Hi5 Launches Developer Portal, Slams Facebook's Spammy Games


Hi5, a former up-and-coming social network that shifted focus last year and is now trying to become a social-gaming hub, today launched a portal for game developers, and President and CTO Alex St. John says the company is prepared to take on Facebook in a head-to-head battle for the gaming space. St. John, the former CEO of gaming site WildTangent, told TechFlash that Facebook accidentally discovered “a fantastic gaming opportunity” but has since neglected it to death. St. John also described most of Facebook’s popular social games as “parasitic spam engines” and said he believes Hi5 can show the social network how to do online social gaming properly:

Clearly [Facebook] discovered a new kind of game platform, that’s hugely popular, and they’re going to squander it. That’s hard for me to see, and I’m excited to have the opportunity to go, look, let me show you guys how to do gaming in this environment correctly. It’s great that you paved the way and discovered it, but it’s clear that you’re not really going to focus on being very good at being a gaming platform, and I know how to do that.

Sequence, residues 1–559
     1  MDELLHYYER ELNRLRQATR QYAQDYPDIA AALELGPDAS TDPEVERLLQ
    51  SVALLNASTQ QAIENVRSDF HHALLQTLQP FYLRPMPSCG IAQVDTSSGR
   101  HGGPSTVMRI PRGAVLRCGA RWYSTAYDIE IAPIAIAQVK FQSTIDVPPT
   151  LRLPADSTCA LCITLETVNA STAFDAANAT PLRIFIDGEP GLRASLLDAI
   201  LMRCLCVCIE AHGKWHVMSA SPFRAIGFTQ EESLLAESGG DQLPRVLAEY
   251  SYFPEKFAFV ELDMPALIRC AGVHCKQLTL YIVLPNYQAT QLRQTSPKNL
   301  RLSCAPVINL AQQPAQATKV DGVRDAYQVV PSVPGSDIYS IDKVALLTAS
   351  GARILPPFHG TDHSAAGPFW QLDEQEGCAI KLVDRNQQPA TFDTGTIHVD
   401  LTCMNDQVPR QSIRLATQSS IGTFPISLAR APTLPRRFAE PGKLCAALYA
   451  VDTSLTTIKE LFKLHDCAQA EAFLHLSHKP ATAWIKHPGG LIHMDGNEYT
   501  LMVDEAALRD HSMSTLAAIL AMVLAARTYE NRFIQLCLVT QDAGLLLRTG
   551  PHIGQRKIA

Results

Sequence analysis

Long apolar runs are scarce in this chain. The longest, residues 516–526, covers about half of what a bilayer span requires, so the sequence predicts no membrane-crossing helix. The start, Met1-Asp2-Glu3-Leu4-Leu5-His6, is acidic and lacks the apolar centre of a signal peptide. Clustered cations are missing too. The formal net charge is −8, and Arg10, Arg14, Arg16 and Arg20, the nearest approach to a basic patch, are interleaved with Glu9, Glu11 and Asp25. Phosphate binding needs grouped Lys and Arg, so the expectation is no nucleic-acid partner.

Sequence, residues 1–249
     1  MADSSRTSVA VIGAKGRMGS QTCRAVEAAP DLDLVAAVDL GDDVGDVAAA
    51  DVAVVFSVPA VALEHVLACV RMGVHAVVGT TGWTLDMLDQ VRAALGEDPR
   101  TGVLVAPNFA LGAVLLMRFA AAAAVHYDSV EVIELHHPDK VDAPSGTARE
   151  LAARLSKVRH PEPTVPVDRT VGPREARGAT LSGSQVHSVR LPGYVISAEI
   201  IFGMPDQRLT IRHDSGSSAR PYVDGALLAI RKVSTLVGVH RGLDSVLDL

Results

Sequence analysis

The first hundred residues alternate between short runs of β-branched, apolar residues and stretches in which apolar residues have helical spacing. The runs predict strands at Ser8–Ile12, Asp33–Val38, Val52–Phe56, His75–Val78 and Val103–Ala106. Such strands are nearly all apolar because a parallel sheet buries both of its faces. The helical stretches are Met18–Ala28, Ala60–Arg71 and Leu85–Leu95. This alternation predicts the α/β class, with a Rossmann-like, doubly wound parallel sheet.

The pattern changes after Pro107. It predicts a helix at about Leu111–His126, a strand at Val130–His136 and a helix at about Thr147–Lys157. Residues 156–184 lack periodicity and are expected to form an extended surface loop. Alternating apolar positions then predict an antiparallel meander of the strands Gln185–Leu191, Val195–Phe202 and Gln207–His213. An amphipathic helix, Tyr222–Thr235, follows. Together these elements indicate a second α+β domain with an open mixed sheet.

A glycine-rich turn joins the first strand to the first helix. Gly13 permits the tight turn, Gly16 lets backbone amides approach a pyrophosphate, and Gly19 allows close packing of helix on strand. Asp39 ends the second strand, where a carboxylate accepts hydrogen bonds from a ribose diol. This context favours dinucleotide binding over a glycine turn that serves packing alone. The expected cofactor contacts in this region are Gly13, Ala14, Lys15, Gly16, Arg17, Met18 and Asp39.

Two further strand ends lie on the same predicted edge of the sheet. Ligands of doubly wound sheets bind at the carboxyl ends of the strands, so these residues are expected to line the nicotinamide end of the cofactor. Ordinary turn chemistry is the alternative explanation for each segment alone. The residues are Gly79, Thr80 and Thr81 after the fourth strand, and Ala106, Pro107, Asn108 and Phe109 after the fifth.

Founded in 2003, Hi5 was one of half-a-dozen up-and-coming social networks at the time. Like so many others, it got left in the dust by Facebook, which just crossed over the half-a-billion-user mark and is estimated to be closing in on $1 billion in revenue. Last year, Hi5 decided to focus on gaming and hired St. John, who in addition to being the former co-founder of WildTangent was also one of the developers of the original DirectX gaming standard at Microsoft (s msft). Hi5 also recently raised $14 million in financing from Crosslink Capital and Mohr Davidow Ventures.

In keeping with his gaming background, St. John clearly has a sense of humor: As part of the publicity surrounding the company’s launch of its developer portal and the Casual Connect conference in Seattle, where he was speaking, St. John — who is a very large man — staged a sumo-wrestling match between himself and a large wrestler meant to represent Facebook. Video of the stunt is embedded below:

Related content from GigaOM Pro (sub req’d): How the Next Zynga Could Reinvent Social Gaming



Knowing that these days I really only use Facebook for gaming I am really excited to hear this because I would love to have a social gaming network that could do it better than Facebook has.

Comments are closed.